After a night of heavy drinking, especially on days when the wind is chilly, many Koreans yearn for a steaming bowl of haejang-guk (hangover soup), a dish that is inextricable from the lives of Koreans. Made with spicy broth and generous amounts of meat and dried radish greens, haejang-guk is a long-time favorite of Koreans. And in Cheongjin-dong, numerous restaurants offering this nourishing dish have clustered together over the years.
Cheongjin-dong haejang-guk has a special place in the hearts of the Korean people.
Haejang-guk and bossam (napa wraps with pork) are among the most “Korean” dishes that Koreans regularly enjoy when eating out. Now, let us take a closer look at these delicacies in Cheongjin-dong and Jongno 3 (sam)-ga.
During the Joseon era, there was a wood market located near Cheongjin-dong. Braving biting winds, woodcutters felled trees and lugged them more than 40 kilometers to the market, where they would need shelter to warm themselves and rest. By the time they reached the market, they were already exhausted and hungry, so they sought out a hearty meal that could fill their empty stomachs.
The dish they favored the most was haejang-guk, as it was served almost immediately upon ordering and was very filling. The combination of rice, potatoes, and bean sprouts cooked in broth and served with makgeolli (rice wine) or moju (crude liquor) made a perfect meal.
It was back in the 1930s when more such gukbap (rice soup) restaurants began opening in Cheongjin-dong, leading to the formation of Haejang-guk Alley. Pyeonghwagwan, the first restaurant of its kind to open in the area, was always bustling with not only woodcutters but all kinds of traders. Later, the Jongno-gu Office that we know today opened just across the street from this alley.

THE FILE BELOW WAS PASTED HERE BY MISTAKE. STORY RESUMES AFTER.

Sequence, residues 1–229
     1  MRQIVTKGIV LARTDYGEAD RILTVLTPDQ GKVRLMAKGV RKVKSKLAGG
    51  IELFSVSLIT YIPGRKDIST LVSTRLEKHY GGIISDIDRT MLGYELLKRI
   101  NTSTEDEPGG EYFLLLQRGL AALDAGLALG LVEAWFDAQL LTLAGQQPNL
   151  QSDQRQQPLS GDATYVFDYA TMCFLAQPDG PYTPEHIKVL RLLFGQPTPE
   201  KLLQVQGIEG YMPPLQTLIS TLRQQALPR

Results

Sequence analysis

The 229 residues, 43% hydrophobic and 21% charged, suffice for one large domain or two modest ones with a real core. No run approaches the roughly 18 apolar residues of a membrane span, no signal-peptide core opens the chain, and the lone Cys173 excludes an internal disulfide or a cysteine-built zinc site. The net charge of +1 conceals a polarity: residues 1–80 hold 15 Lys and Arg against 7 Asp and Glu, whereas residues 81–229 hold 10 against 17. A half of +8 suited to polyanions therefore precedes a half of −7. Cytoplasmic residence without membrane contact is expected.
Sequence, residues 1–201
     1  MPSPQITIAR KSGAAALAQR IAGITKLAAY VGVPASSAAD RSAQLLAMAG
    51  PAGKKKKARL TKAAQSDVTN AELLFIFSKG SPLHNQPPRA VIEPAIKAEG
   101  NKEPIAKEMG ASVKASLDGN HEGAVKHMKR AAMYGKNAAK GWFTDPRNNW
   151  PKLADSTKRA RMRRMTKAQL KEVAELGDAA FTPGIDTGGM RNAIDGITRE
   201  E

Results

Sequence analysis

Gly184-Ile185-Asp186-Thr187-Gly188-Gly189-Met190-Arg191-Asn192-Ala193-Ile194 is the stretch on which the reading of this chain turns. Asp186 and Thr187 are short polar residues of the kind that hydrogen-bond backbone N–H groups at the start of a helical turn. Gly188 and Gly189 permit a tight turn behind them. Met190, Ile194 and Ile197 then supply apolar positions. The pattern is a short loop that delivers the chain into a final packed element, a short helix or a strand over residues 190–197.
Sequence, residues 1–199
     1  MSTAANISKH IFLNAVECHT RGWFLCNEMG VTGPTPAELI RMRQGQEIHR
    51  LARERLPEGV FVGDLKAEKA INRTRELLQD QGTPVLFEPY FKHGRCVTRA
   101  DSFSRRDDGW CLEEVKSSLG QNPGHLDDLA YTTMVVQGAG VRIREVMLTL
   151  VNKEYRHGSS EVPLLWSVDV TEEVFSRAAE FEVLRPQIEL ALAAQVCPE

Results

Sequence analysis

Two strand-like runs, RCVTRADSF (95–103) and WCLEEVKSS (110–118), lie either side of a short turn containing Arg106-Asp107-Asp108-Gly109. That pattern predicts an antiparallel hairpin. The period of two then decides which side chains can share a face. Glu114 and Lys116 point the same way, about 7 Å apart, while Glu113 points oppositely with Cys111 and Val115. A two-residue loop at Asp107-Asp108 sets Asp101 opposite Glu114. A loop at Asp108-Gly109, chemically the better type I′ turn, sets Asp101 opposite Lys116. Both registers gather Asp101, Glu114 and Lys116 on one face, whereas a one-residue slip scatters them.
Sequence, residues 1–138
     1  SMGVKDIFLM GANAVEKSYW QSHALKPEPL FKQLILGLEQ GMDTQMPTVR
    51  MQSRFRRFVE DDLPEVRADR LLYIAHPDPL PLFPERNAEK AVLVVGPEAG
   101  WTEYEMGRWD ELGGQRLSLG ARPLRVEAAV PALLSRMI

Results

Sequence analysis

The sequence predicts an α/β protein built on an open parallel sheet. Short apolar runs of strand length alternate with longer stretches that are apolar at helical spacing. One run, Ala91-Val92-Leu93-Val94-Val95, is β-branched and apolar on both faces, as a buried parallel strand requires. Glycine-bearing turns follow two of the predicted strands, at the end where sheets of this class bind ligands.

At first, the restaurants were simply street stalls selling sulguk (hangover soup) for the merchants at the wood market. At the time, the soup was made from beef bones, dried radish greens, bean sprouts, potatoes, and soybean paste, creating a savory taste, and served with rice. But after the Korean War, in 1950, seonji (ox blood) and intestines, such as yang (tripe), were added to created haejang-guk. In the 2000s, haejang-guk restaurants were literally scattered all over Cheongjin-dong, but after numerous urban redevelopment projects, only a few remain today.
The seonji haejangguk (ox blood hangover soup) found in Cheongjin-dong is notable for its refreshing taste. To make it, a spoon of regular soybean paste is gently melted into thick beef bone broth, then the meat is boiled in the broth once more, and finally seonji and dried radish greens are added and cooked for many hours.
Customers with an affinity for spicy food can add red chili paste or red pepper powder to taste. The complimentary side dish is only a plate of kkakdugi (diced radish kimchi), but it is always more than enough. Of particular note is that the seonji-based haejangguk of Cheongjin-dong has had a major influence on the seonji haejangguk made in other regions across the country.